Homeland – "New Car Smell" Review/Recap [Spoilers]

Michael Mahin ’16 / Emertainment Monthly Staff

Claire Danes and Damian Lewis in “New Car Smell.”
Photo Credit: Homeland © Twentieth Century Fox Film Corporation. All rights reserved.
“New Car Smell”, the fourth episode in Homeland‘s second season, is not only a welcome return to form from last week’s somewhat disappointing “State of Independence” but serves as further evidence that Homeland is, in fact, the best, and most daring, drama currently on television. This was a stunning, and shocking, episode of primetime adrenaline rush.
Picking up from last episode’s cathartic vindication of Carrie’s suspicions about Brody, “New Car Smell” begins with Saul showing the intended post-bombing footage of Brody to a shocked Estes. Saul and Estes agree to first spy on Brody, before arresting him, so in order to possibly gather intelligence about the ever elusive Abu Nazir. Carrie and her team, with the addition of newly introduced analyst Peter Quinn (Rupert Friend), thus begin the process of surveilling Brody. Meanwhile, on the home front, Jessica remains frustrated with Brody, finally aware that he is keeping secrets from her. Jessica demands that Brody tell her the truth though Brody, unable to tell Jessica, refuses. She then tells Brody that he is not able to stay at the house. Brody promptly begins staying at a hotel.
Quinn asks Carrie to run into Brody so as to make him concerned enough to get into contact with his handler. Carrie thus runs into Brody, intimating that she is once again working with the CIA, which, as intended, makes Brody concerned that the CIA is once again concerned that Brody might be involved in a terrorist plot. Brody speaks with Roya Hammad of his concerns.
Meanwhile, Lauder once again expresses his frustration with the newly returned Brody, coming into the Brodys’ home and disrupting Jessica’s life. Unable to reach Brody, she calls Mike, her former lover, to help deal with Lauder. After removing Lauder from the Brodys’, Mike and Lauder talk of their suspicions concerning Brody’s behavior, linking him with a possible plot with the late Walker.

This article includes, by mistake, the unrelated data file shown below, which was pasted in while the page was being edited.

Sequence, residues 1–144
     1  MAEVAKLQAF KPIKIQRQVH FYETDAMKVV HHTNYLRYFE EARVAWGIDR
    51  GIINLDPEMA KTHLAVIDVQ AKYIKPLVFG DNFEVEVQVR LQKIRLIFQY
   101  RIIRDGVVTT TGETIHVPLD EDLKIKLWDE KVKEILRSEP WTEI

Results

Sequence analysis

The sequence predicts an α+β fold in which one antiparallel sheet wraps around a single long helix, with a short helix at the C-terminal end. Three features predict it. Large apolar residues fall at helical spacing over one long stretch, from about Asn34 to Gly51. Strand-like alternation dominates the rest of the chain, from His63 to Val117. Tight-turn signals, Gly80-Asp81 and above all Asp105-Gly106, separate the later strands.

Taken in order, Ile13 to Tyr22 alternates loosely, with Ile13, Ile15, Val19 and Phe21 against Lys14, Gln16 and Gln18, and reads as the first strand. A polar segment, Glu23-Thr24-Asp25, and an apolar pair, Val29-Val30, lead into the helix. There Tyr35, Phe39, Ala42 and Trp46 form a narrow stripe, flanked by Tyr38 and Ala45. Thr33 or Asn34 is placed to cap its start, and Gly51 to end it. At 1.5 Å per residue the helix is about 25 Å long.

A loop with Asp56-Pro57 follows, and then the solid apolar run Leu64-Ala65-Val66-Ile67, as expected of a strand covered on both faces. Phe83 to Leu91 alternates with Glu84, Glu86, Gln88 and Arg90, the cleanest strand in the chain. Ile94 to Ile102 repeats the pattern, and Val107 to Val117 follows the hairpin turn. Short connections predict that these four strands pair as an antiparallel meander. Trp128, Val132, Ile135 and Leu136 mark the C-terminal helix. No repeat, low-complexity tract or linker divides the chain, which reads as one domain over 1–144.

Additionally, Dana and Finn become increasingly close as they visit the Washington Monument together, eventually kissing. However, Dana claims that she cannot proceed further until breaking her relationship off with Xander.
Finally, the CIA team observes Brody as he sits in the hotel bar. Brody then calls Carrie, asking him to join her so as to “bury the hatchet.” Carrie agrees and the two meet at the bar, sharing a conversation about their respective lives. Brody, at one moment, asks Carrie about her electroconvulsive therapy. Carrie, visibly distressed, has difficulty talking about it and worries that she has blown her cover. After ending the conversation, Brody goes back to his hotel room. Carrie, dissatisfied with the meeting, ignores the commands of her CIA team to return to base and meets Brody at his hotel room. She then tells Brody that the CIA knows that he is a terrorist, just as the police burst in to arrest Brody.
“New Car Smell”, like season 2’s “Beirut is Back”, is a thrilling, game-changing episode which positions Homeland‘s writers and directors among the craftiest, most subtle, and most consistently intelligent working in the television industry. What made this episode so absorbing was, of course, the reuniting of Brody and Carrie, which was handled with characteristic subtlety and thoughtfulness. Writer Meredith Stiehm wisely avoids making Brody and Carrie’s interactions too melodramatic, capitalizing on the actors’ quiet electricity. The bar scene, flawlessly written and performed, was a wonderfully tense moment, proving that the show is equally adept at utilizing the suspense of character relationships as that of the unfolding action.
Additionally, performances this week were excellent, across the board. Though “New Car Smell” is less character-centric than last week’s episode, the actors all had wonderful individual moments, especially Carrie’s triumphant, and painful, final scene. Danes mines all of the joy, and frustration, felt by Carrie in her capture of Brody. Her concession that she does, in fact, “love” Brody is a wrenchingly performed by Danes.
In its final moments, “New Car Smell” once again reaffirms that Homeland is one engrossing, shocking and entertaining series.

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